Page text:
And you held her looser than you would’ve if you ever could’ve known
Some things tie your life together
With slender threads of things to treasure
Days like that should last and last and last

But you’ve already lost
But you’ve already lost
But you’ve already lost
When you only have barely enough of her to hang on

Monday, July 17, 2006

Tryin' to Catch Me Ridin' Dirty

I think my friends and I must be very strange, because we seem to be the only ones that "get" each other....

Saturday night, Mandy, Natalie, Lana and I were enjoying a balmy evening on the patio of Jonathan's in Cool Springs. We wander on a tangent about interaction with people and how it's polite to give a courtesy laugh when someone you work with makes a bad joke. Lana recently experienced rejection from co-workers, when they all failed to provide the appropriate courtesy laugh at a joke she made.

Lana was telling us the story of how she was with coworkers and a rap song came on the radio. One of her coworkers made a comment about how she didn't like that kind of music. Lana says, "I do sometimes, especially when I'm with my friends. We sing rap songs operatic-style." Lana then proceeds to belt out "Ridin' Dirty" by Chamillionaire, except putting her own operatic spin on the chorus.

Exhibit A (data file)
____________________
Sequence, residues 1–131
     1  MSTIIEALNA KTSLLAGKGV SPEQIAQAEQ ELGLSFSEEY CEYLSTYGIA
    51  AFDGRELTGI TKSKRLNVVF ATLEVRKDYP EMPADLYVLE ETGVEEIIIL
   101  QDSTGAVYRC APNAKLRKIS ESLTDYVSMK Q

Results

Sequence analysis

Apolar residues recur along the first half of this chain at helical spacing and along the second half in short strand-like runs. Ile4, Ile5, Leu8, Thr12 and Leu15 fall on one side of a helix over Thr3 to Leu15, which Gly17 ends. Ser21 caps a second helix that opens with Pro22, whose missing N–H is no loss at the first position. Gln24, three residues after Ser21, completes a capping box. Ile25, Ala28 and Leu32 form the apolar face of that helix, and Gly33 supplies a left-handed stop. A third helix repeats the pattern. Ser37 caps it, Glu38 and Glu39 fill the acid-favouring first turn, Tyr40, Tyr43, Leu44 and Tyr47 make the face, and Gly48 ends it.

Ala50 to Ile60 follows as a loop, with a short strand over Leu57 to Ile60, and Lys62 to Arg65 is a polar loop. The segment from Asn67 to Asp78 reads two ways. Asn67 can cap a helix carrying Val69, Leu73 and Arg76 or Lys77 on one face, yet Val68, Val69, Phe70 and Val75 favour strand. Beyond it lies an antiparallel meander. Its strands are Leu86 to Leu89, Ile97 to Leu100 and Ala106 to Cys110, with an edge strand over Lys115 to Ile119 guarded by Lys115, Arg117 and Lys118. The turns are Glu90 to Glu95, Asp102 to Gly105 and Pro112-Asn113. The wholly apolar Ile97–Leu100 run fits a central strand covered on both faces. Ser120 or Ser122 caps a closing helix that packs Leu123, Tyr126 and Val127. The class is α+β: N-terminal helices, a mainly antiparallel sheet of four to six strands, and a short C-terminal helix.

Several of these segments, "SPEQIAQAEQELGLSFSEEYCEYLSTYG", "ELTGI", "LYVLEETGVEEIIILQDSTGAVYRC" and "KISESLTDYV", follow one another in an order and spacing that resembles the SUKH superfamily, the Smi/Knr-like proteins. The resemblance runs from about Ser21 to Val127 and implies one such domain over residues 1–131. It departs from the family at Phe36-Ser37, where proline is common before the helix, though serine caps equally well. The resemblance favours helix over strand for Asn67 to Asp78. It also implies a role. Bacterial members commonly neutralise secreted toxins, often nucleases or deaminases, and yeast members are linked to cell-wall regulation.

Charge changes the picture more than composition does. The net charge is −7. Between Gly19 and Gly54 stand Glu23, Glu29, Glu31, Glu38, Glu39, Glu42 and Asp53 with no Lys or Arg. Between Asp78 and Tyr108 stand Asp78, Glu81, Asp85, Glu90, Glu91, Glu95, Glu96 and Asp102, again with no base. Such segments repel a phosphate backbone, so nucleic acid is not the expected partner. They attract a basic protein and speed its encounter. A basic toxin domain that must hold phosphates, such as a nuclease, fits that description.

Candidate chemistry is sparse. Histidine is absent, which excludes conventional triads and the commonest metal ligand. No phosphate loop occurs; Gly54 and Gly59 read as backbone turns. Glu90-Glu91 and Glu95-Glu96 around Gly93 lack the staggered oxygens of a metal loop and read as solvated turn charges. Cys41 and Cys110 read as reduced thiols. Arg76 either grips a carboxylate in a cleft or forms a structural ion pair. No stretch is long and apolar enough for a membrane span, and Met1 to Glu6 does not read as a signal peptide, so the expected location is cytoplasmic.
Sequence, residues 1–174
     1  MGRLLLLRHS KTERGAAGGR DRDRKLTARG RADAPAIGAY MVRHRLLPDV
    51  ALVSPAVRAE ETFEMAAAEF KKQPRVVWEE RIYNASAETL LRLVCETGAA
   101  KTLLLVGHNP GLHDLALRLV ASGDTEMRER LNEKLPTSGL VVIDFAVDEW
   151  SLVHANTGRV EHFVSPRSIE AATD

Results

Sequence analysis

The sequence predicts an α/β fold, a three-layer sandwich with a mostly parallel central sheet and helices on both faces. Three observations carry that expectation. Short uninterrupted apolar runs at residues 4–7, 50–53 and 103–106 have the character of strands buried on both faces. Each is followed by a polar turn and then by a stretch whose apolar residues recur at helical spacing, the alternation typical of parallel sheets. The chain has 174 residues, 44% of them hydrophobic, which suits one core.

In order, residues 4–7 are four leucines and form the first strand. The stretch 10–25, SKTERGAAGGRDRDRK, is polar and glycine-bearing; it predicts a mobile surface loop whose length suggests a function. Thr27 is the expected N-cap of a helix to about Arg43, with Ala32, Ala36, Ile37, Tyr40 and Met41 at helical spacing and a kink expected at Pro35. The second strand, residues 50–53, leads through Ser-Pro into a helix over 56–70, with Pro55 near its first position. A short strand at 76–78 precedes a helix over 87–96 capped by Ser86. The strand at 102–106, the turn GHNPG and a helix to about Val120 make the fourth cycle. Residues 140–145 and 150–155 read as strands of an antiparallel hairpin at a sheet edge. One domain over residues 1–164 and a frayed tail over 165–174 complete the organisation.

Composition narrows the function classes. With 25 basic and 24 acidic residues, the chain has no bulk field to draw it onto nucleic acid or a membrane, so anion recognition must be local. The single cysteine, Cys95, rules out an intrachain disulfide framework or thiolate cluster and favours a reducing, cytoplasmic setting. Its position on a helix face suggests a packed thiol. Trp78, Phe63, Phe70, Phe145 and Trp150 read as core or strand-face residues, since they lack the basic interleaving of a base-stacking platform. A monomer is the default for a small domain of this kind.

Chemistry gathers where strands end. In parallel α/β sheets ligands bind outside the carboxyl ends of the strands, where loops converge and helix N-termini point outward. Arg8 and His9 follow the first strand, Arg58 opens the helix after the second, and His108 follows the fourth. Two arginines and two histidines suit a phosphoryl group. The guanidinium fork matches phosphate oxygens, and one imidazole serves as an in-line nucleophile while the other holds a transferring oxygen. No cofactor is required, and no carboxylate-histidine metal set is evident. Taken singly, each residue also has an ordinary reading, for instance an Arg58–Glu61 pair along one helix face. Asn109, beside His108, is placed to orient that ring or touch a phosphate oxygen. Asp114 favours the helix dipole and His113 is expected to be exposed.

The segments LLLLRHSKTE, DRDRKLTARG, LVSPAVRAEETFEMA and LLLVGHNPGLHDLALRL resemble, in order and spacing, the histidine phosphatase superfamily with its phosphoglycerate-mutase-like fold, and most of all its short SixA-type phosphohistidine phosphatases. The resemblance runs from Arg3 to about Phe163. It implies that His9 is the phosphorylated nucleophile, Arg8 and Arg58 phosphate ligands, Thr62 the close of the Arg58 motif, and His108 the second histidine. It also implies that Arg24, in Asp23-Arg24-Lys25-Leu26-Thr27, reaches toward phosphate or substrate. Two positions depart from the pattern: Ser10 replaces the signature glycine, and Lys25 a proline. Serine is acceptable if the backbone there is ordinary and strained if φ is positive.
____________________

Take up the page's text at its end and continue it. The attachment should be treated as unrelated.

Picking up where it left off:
Now, this seems completely normal and acceptable to my friends and I. When Lana mentioned singing songs operatic-style, I could identify, having done so myself, many a time. But evidently, her coworkers didn't really understand the humor in the situation, because none of them laughed. Lana said they looked at her like she was an alien, so she promptly exited the room.

I can name offhand, several friends, of whom I've personally witnessed give operatic performance to whatever rap song is blasting on the radio. Do other people act like this too? Or are my friends and I just freaks? I mean, we're all still single...

Tuesday, July 11, 2006

Pirates, Fireworks & Wimbledon